Magnet for Foreigners

Crossing Iraq's borders with Syria, Iran and Saudi Arabia, and to a lesser extent with Jordan and Turkey, hundreds of foreign fighters have begun to flow into the country, according to both U.S. and Arab officials.

A U.S. military official said in a recent interview that there were already 220 foreign fighters in U.S. custody in Iraq. But American and Arab officials also said that al Qaeda has not yet coalesced in Iraq, and Zarqawi's mission to form a new network and manage these fighters in the country is still embryonic.

The occupation of Iraq -- once the home of the caliph, or universal leader, of Muslims -- is a galvanizing symbol for radical Islamic groups. On Internet sites and in mosques across the Islamic world, thousands of potential fighters are hearing -- and heeding -- calls to go to Iraq to fight the infidel, according to European and Arab intelligence sources who have tracked some of the movements of the recruits.

Egypt, for example, announced last week that it had arrested 23 men and was seeking two more on charges of belonging to a terrorist group. The suspects -- 19 Egyptians, three Bangladeshis, a Turk, an Indonesian and a Malaysian -- were planning to fight U.S. forces in Iraq, Egypt's interior minister, Habib Adli, said in an interview with the magazine Al Mussawar.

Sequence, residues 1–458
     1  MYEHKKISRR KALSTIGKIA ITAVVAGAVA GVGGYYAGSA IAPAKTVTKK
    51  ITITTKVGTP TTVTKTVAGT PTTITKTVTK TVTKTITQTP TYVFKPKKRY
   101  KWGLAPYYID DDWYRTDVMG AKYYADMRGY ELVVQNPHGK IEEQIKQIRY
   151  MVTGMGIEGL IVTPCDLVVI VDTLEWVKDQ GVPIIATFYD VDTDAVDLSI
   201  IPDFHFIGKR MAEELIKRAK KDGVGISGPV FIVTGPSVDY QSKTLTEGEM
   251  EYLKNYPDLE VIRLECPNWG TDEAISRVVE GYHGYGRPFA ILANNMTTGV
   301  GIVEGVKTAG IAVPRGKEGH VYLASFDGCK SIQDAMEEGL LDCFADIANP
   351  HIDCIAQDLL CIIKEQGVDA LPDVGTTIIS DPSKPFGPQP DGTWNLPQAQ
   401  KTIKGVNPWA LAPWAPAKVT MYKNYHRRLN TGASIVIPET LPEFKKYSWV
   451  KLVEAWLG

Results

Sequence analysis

Kurdish forces in northern Iraq recently arrested a Tunisian carrying an Italian passport and attempting to cross from Iran.

Syria arrested and deported an Algerian national and a German resident who organized a group of radicals to travel to Iraq from the same Hamburg mosque where Mohamed Atta, the lead hijacker in the Sept. 11, 2001, attacks, once worshiped. German officials said the man, who is currently free but under observation, had ties to Zarqawi and had also recruited volunteers in Italy to fight in Iraq.

"They are coming," said an Arab official from a country that borders Iraq. "They are coming from everywhere."

After the meeting at the safe house in February, Iranian authorities placed Zarqawi, a 42-year-old Jordanian, under house arrest, according to Arab intelligence sources. It is not clear why they did so. Zarqawi was the head of a cluster of Arabs who had attached themselves to Ansar al-Islam, a Kurdish fundamentalist group vowing to establish an Islamic state in northern Iraq. Ansar is believed to be closely allied with al Qaeda, according to the U.S. government. Zarqawi also is believed to have a network of contacts in the Middle East and Europe.

Word that Zarqawi was under house arrest in Iran reached Amman, the Jordanian capital, and officials there sent a detailed extradition request, including nearly a dozen photographs of him, to Tehran, according to American and Arab officials. Zarqawi was wanted in connection with a planned hotel bombing in Amman on the eve of millennium celebrations and with the assassination of U.S. diplomat Laurence M. Foley in the city last October.